- Claims that employers and workforce assessment companies fail to properly safeguard confidential medical information obtained from the personality tests and illegally use that confidential medical information in violation of the ADA; and
- Claims under Title VII of the Civil Rights Act that the workforce analytics cause there to be a disparate impact on the hiring of blacks and Hispanics.
For some employers, the potential class size can be measured in the millions of plaintiffs. Consistent with the 2011 Supreme Court decision in Wal-Mart Stores, Inc. v. Dukes, plaintiffs in a class action suit predicated on the use of personality tests and workforce analytics will be challenging a uniform, company-wide practice. The uniform use of testing by an employer demonstrates that "there are questions of law or fact common to the class," or commonality, as required by the rules governing class actions.
A key element in continuing to use Kronos assessment services is Kronos' ability to indemnify its employer customers. As noted above, the success of workforce assessment companies in marketing personality tests and workforce analytics over the past twenty years has created "systemic risk" for its customers. If one employer has violated the law and subjected itself to significant liability as a consequence of its use of a solution provided by a workforce assessment company, then all customers of that workforce assessment company are similarly at risk.
Even assuming workforce assessment companies are willing to provide indemnification to all customers, those employers need to independently assess whether the workforce assessment companies and their insurers have adequate resources to indemnify all customers.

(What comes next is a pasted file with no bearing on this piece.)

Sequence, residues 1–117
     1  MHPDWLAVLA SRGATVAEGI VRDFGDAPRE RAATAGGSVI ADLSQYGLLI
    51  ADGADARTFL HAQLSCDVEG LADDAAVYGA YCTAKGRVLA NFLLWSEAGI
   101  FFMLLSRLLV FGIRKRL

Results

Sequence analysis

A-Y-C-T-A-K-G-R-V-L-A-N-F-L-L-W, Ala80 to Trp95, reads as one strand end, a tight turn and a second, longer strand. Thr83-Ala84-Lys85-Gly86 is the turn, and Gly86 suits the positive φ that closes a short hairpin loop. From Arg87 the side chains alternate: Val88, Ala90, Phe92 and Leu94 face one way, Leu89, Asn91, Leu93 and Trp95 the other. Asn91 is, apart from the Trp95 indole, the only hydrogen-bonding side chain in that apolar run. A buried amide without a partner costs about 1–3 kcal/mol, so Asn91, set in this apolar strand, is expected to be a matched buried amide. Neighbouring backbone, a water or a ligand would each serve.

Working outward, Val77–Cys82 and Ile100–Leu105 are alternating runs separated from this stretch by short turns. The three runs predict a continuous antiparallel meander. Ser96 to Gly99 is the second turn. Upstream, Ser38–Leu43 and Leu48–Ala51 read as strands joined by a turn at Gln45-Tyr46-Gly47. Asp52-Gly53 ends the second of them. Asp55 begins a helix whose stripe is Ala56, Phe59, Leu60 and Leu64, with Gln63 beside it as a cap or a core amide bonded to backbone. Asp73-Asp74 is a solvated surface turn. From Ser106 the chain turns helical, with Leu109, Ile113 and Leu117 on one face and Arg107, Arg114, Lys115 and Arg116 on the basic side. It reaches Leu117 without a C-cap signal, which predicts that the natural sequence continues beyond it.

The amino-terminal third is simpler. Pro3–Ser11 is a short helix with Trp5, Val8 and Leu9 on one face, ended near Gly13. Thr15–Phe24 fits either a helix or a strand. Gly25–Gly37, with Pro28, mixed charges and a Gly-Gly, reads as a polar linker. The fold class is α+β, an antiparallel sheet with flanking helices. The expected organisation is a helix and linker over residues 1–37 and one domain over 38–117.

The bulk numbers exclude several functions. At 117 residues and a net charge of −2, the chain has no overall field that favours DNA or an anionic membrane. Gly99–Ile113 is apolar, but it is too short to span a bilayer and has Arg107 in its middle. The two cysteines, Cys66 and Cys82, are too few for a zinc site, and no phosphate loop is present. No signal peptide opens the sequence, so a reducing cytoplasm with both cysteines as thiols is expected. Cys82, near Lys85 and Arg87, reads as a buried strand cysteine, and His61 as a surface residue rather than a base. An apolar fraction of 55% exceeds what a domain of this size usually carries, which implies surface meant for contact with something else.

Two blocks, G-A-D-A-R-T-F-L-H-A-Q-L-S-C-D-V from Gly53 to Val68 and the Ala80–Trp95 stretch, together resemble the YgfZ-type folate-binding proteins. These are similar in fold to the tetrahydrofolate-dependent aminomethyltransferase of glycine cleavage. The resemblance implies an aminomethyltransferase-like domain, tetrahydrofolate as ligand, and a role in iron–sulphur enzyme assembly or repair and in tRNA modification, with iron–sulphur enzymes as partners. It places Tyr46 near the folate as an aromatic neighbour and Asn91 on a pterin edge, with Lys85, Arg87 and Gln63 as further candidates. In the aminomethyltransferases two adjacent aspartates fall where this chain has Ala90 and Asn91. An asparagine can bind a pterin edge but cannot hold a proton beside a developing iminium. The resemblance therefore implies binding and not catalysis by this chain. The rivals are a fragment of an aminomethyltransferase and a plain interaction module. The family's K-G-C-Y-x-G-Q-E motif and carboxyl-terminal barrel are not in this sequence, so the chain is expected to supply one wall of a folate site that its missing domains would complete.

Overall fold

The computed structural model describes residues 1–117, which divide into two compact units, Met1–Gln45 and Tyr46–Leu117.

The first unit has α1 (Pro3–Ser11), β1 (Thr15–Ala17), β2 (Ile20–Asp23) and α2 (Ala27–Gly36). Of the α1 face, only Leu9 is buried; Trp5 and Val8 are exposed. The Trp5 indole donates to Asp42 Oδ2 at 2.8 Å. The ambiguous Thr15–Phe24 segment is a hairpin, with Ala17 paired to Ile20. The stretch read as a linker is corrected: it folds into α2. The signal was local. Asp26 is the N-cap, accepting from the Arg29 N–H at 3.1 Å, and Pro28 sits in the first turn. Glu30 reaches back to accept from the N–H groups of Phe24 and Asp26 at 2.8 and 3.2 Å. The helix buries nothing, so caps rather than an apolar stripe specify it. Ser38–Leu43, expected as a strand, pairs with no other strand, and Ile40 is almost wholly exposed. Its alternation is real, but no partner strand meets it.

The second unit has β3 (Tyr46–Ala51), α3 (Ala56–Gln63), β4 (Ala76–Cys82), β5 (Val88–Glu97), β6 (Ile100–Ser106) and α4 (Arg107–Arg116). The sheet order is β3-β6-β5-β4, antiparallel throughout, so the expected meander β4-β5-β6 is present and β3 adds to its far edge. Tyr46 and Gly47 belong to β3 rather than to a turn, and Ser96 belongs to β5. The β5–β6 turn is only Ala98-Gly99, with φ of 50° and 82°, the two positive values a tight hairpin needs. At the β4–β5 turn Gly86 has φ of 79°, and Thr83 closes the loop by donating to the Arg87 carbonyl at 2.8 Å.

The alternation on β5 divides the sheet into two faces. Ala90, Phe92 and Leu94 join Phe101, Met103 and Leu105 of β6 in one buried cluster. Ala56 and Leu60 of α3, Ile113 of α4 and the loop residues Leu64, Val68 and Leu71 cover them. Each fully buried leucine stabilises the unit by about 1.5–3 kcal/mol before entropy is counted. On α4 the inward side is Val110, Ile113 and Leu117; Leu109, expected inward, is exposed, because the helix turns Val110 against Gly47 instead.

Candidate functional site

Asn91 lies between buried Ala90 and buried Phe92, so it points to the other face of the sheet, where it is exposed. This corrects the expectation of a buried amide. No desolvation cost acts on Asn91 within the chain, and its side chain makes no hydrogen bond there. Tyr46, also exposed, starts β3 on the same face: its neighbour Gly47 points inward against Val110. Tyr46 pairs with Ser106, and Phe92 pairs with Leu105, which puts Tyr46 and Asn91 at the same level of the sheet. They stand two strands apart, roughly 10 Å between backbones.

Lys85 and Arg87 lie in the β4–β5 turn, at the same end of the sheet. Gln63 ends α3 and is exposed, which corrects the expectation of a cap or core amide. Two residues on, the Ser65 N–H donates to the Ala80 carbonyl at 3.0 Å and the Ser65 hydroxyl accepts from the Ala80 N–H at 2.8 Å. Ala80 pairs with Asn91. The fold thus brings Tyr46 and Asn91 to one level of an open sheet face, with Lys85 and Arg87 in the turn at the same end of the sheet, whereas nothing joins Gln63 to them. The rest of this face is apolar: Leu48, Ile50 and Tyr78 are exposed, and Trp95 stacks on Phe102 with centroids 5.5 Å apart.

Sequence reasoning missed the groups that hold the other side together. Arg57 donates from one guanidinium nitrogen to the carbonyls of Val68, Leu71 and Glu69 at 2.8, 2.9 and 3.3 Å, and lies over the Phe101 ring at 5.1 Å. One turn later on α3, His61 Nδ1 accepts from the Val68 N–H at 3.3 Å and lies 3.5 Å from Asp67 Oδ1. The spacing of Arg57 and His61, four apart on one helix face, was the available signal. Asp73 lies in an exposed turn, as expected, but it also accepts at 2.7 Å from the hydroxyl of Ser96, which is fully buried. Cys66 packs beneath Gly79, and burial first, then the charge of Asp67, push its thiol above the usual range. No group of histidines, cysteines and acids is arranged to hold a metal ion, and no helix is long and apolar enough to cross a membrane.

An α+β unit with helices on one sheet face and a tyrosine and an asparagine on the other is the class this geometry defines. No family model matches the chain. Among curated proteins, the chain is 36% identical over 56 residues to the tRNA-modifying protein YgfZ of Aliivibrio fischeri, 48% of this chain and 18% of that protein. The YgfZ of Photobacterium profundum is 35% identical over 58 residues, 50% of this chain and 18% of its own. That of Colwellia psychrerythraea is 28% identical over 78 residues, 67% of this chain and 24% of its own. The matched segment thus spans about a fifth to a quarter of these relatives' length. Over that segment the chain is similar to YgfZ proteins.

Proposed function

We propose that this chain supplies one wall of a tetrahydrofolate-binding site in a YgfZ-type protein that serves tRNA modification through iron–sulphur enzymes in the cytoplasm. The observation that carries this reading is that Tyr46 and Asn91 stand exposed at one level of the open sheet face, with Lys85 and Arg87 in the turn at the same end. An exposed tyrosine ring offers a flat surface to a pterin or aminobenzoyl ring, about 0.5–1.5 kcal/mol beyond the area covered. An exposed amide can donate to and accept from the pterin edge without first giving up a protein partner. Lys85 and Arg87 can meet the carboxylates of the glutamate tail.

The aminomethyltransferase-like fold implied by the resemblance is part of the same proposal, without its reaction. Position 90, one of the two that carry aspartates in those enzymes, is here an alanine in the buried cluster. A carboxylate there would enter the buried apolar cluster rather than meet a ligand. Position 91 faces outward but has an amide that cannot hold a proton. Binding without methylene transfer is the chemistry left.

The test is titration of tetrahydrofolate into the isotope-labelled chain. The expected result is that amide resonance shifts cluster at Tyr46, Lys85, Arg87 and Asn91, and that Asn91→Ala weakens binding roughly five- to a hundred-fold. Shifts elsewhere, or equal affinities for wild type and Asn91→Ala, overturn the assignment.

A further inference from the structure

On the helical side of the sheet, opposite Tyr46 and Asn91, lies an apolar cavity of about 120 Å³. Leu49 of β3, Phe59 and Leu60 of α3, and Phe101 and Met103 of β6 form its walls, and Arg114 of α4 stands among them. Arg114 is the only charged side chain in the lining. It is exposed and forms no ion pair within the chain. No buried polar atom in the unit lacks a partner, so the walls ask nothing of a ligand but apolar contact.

As Kenexa, an employment assessment company, consistently noted in its annual 10-K risk factor disclosures prior to its December 2012 acquisition by IBM:
The failure of our solutions to comply with employment laws may require us to indemnify our customers, which may harm our business. Some of our customer contracts contain indemnification provisions that require us to indemnify our customers against claims of non-compliance with employment laws related to hiring. To the extent these claims are successful and exceed our insurance coverages, these obligations would have a negative impact on our cash flow, results of operation and financial condition.
The current owners of Kronos are also delaying substantive interaction with the EEOC in connection with its systemic investigation of Kronos customers, including the more than five years of litigation over the EEOC's information requests, while at the same time looking to sell Kronos. It may be possible that Hellman & Friedman LLC and JMI Equity end up with more than $5 billion from a $752 million investment, while leaving the new owner with the contingent indemnification liabilities. Kronos, under the new owner, may not have sufficient resources to cover the indemnification claims of its employer customers.
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"Better Get While the Gettin's Good," the title of this post, is a lyric from Credence Clearwater Revival's song Up Around the Bend. The song's first verse reads:
There's a place up ahead and I'm goin'The question is whether the owners of Kronos Inc. are trying to get while the gettin's good by selling the company and leaving that sinking ship behind?
Just as fast as my feet can fly
Come away, come away if you're goin',
Leave the sinkin' ship behind.